Duchess of Wellington
Mistress of the Robes
Volume 1, page 274, sitting number 1276.
[No image appears for this sitting in the Silvy daybooks.]
Lady Elizabeth Hay, the daughter of George Hay, 8th Marquess of Tweeddale and Lady Susan Montagu, was born at Yester on 27 September 1820. On 18 April 1839 she married Arthur Richard Wellesley, Lord Douro, from 1852 the 2nd Duke of Wellington, at St George's, Hanover Square. From 1843 to 1858 she was a Lady of the Bedchamber, and from 1861 to 1868 she was Mistress of the Robes. She was again Mistress of the Robes from 1874 to 1880.
Her husband died on 13 August 1884; the Dowager Duchess survived him by exactly twenty years to the day, dying on 13 August 1904 at the age of 83 at Bearhill Park, Walton-on-Thames, Surrey. She was buried on 19 August 1904 at Stratfield Saye House, Basingstoke, Hampshire.
According to one obituary: 'Elizabeth Duchess of Wellington had lived in complete retirement since her husband's death just twenty-one [sic] years ago. She was a great figure in the highest English society both as Lady Druro and as Duchess of Wellington, and was an immense favourite at Court during a period of more than forty years. She was always très grande dame, but at all times truly kind and hospitable, and she was clever and well informed, and talked remarkably well. She was regarded as one of the most attractive and brilliant women in society. The Duchess held the office of Mistress of the Robes for many years, and she was one of Queen Victoria's most intimate and trusted friends. She devoted a great deal of time to charity' (Banbury Beacon, 3 September 1904).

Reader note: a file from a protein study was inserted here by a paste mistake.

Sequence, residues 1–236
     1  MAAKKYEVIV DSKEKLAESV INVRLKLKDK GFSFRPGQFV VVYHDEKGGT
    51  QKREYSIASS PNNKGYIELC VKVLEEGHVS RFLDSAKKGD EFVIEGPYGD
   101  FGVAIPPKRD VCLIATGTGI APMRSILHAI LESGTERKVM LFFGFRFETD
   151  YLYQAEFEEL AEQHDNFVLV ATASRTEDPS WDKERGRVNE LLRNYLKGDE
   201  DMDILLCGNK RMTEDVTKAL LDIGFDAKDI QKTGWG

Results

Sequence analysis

[The Duchess is seen here with a backdrop which Silvy must have specially painted in advance of her visit to his studio. It shows in the distance the Duke of Wellington monument rising above the trees of Green Park. The statue and arch once stood outside Apsley House; the arch was relocated to the centre of Hyde Park Corner in the early 1880s and the much derided, giant equestrian statue relocated to Aldersthot.]